Most college students (57%) said they didn’t intend to use or continue using AI to complete assignments or exams. However, 32% said they used it or would continue to use it in the future, while 11% preferred not to answer.

Other Opinions About Chat GPT

Among the respondents, 40% of students believed the use of AI by students defeated the purpose of education. Twenty-seven percent of them worried about the impact of AI on their education, and 31% were worried about its impact on their career or potential career. Almost half of students (48%) were worried about the impact of AI on society in general.

While most students (63%) thought that AI couldn’t replace human intelligence or creativity, a majority (51%) still thought the results can at least pass as "human."

Workplace Ethics Effects Chat GPT

According to the online website, Resume Builder, the question of how AI may affect jobs is paramount for many. College students need to be aware of how it may be used in workplace situations. The publicly accessible AI chatbot has many capabilities, including the ability to answer questions, create content, write code, and more.

In February 2023, surveyed 1,000 U.S. business leaders to see how many companies currently use or plan to use ChatGPT. The key findings were:

  • 49% of companies currently use ChatGPT.
  • 30% plan to use it; 85% of whom say they will start doing so within the next 6 months.
  • 48% of companies using ChatGPT say it’s replaced workers.
  • 25% companies using ChatGPT have already saved $75k+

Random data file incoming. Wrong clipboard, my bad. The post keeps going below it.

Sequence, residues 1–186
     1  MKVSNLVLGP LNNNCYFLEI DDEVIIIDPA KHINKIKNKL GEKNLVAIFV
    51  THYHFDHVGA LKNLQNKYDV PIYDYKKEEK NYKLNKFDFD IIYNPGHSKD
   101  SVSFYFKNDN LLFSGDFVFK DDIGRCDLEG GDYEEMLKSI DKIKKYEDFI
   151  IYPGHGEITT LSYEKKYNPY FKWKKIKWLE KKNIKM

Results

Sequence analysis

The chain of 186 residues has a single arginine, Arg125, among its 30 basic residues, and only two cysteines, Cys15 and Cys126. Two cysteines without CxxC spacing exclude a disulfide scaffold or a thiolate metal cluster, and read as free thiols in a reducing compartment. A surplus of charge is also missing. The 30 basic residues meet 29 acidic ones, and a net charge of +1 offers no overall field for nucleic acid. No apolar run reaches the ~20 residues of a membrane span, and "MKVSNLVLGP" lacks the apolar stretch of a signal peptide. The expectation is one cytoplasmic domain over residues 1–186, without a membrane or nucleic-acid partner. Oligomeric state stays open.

• 93% of current users say they plan to expand their use of ChatGPT.
  • 90% of business leaders say ChatGPT experience is a beneficial skill for job seekers.

Of companies that currently use ChatGPT, 66% use it for writing code, while 58% use it for copywriting/content creation, 57% for customer support, and 52% for creating summaries of meetings or documents.

Most companies also use ChatGPT to facilitate hiring; 77% say it helps them write job descriptions, 66% draft interview requisitions, and 65% respond to applicants.

Overall, according to the survey results, most business leaders are impressed by ChatGPT’s work. Fifty-five percent say the quality of work produced by ChatGPT is ‘excellent,’ while 34% say it’s ‘very good.’

ChatGPT is here to stay. My guess is we’ll be experimenting with different models over the next year and will eventually establish some rules of the road. The challenge for educators is to figure out how to use it in the classroom to enhance efficiency and to what extent students should be required or allowed to use it for assignments.

Blog posted by Dr. Steven Mintz, The Ethics Sage, on March 23, 2023. You can sign up for Steve’s newsletter and learn more about his activities on his website ( and by following him on Facebook at: and on Twitter at: Check out professional recommendations on LinkedIn: